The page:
Newspapers and magazines often have a page containing “brain teasers,” word or picture puzzles geared to test your cognitive abilities. Although such things are meant mostly for entertainment, in our senior years we need to do more than that.
We know, for example, that aging can cause some loss of memory, and that body chemicals are needed to nourish our brain cells. We should aggressively protect the recall and memory abilities that we do have.
Nutritionally, eating fruits and vegetables high in antioxidants such as berries, avocados, apples, potatoes, oranges, pinto beans and other varieties, promote good mental health. Fish also is listed as “brain food.”
According to the Johns Hopkins University Medical School studies, seniors would do well to add a vitamin B-12 supplement to their regimen, or receive injections of the vitamin if recommended by their doctor.
Seniors should also work to control their blood pressure, say the health care professionals, to help lower the risk of stroke and memory loss.
Geriatric experts have developed a few tactics to help us along the way toward maintaining an active memory. To remember a name really focus on the name and face of the person, then pick a key visual characteristic that person has, such as big ears or red hair. The image will help to cement that person in your memory.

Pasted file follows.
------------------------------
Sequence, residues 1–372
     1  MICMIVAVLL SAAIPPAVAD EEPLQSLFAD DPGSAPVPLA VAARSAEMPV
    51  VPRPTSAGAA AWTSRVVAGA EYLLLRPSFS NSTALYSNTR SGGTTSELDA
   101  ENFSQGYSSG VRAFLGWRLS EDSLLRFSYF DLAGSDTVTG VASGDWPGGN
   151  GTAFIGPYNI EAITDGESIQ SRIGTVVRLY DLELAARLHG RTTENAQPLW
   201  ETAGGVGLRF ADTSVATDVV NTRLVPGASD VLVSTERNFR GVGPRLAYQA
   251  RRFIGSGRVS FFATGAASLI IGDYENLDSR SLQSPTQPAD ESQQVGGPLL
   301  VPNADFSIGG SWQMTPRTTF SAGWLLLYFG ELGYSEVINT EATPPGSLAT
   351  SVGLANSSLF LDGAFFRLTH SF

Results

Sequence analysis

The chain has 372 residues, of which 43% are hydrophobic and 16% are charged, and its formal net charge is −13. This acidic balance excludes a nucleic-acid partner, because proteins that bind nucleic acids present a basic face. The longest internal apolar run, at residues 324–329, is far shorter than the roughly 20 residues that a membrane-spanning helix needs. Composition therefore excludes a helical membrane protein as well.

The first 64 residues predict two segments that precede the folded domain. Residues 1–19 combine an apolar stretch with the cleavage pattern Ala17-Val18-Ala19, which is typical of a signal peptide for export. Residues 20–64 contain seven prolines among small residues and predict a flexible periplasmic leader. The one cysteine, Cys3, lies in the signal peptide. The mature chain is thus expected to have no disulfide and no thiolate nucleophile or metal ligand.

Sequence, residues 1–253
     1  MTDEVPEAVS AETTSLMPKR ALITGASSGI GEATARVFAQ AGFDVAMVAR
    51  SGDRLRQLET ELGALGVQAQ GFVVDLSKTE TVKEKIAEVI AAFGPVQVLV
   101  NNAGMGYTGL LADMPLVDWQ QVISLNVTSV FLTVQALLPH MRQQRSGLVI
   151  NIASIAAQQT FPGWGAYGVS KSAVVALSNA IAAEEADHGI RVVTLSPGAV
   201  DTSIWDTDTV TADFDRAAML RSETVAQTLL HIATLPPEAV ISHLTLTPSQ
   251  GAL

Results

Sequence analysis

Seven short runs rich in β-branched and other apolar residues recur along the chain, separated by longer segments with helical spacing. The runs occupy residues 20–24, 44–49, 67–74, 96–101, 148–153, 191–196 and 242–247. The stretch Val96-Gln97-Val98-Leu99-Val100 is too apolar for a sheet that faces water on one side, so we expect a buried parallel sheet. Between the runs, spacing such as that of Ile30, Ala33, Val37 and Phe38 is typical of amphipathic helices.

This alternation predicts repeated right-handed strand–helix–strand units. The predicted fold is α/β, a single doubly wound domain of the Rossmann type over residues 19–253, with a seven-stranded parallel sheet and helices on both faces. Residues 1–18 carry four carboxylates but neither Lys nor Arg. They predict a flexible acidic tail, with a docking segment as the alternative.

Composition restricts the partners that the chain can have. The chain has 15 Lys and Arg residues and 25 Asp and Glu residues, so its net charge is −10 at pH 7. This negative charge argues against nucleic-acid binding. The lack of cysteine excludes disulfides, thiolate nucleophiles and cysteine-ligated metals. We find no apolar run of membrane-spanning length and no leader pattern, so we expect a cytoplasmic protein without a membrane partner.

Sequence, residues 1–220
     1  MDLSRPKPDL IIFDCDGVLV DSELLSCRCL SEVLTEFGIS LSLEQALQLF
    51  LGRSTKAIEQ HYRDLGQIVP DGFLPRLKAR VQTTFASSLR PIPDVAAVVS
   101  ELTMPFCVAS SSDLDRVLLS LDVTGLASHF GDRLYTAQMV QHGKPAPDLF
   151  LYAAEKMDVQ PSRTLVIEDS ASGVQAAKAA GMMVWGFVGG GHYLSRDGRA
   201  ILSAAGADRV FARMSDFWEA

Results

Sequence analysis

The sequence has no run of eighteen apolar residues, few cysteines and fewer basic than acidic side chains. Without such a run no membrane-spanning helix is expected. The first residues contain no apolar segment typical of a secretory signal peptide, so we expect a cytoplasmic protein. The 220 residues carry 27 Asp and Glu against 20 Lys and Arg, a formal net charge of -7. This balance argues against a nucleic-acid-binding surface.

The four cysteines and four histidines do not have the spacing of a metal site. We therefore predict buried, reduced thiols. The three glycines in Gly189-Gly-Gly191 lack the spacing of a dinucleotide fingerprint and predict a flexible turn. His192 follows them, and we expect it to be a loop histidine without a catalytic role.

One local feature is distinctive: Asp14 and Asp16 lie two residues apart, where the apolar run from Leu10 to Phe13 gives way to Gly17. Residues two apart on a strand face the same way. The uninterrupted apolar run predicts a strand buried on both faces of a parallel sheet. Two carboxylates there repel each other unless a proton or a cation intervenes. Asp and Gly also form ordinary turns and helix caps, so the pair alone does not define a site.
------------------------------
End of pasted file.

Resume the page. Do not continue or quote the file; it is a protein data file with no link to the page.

Another trick to the name game is to repeat that person’s name after being introduced. For example: “Nice to meet you, John,” and a few minutes later say, “John, what company do you work for?”
Remembering to do a certain task or activity works best when it’s associated with an image or event. For example, make brushing your teeth a reminder to take your medications and vitamins.
Visual reminders are a real memory booster. “Leave it where you can see it” is the advice of memory specialists. For example, if you want to remember to take a coat to the dry cleaners, put it in your footpath.
Some seniors use the tactic of reviewing their day at bedtime to trigger the information they want to remember. A bedside note pad is helpful, too.
And last, repetition is our friend, not to be done in rapid succession, but rather, repeat a name or task at 15-, 30- and 90-second intervals.
Chances are you will have it committed to memory.
Las Vegas resident Carolyn Schneider is the author of the book “Bing: On the Road to Elko” about her uncle Bing Crosby and his 15 years as a Nevada cattle rancher. She may be reached at 702-240-8570 or firstname.lastname@example.org to order the book.